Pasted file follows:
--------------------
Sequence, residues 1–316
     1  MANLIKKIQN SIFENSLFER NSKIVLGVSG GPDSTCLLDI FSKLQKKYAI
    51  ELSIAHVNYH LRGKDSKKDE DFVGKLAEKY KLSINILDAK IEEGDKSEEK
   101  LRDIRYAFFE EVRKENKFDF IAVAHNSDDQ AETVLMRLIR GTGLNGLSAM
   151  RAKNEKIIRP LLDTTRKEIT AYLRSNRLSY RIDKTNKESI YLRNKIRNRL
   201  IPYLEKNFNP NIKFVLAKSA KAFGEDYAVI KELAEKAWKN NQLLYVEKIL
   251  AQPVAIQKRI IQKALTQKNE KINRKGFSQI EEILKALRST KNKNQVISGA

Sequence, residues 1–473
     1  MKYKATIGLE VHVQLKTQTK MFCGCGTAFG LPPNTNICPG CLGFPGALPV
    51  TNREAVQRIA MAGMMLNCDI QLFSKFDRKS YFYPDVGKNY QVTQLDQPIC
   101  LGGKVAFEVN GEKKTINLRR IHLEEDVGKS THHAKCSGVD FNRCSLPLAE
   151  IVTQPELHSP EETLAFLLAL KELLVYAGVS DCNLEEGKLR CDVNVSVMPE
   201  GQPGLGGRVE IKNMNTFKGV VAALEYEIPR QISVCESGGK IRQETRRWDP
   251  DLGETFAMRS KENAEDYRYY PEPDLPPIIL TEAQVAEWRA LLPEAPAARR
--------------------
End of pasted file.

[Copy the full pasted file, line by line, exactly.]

Sequence, residues 1–316
     1  MANLIKKIQN SIFENSLFER NSKIVLGVSG GPDSTCLLDI FSKLQKKYAI
    51  ELSIAHVNYH LRGKDSKKDE DFVGKLAEKY KLSINILDAK IEEGDKSEEK
   101  LRDIRYAFFE EVRKENKFDF IAVAHNSDDQ AETVLMRLIR GTGLNGLSAM
   151  RAKNEKIIRP LLDTTRKEIT AYLRSNRLSY RIDKTNKESI YLRNKIRNRL
   201  IPYLEKNFNP NIKFVLAKSA KAFGEDYAVI KELAEKAWKN NQLLYVEKIL
   251  AQPVAIQKRI IQKALTQKNE KINRKGFSQI EEILKALRST KNKNQVISGA

Sequence, residues 1–473
     1  MKYKATIGLE VHVQLKTQTK MFCGCGTAFG LPPNTNICPG CLGFPGALPV
    51  TNREAVQRIA MAGMMLNCDI QLFSKFDRKS YFYPDVGKNY QVTQLDQPIC
   101  LGGKVAFEVN GEKKTINLRR IHLEEDVGKS THHAKCSGVD FNRCSLPLAE
   151  IVTQPELHSP EETLAFLLAL KELLVYAGVS DCNLEEGKLR CDVNVSVMPE
   201  GQPGLGGRVE IKNMNTFKGV VAALEYEIPR QISVCESGGK IRQETRRWDP
   251  DLGETFAMRS KENAEDYRYY PEPDLPPIIL TEAQVAEWRA LLPEAPAARR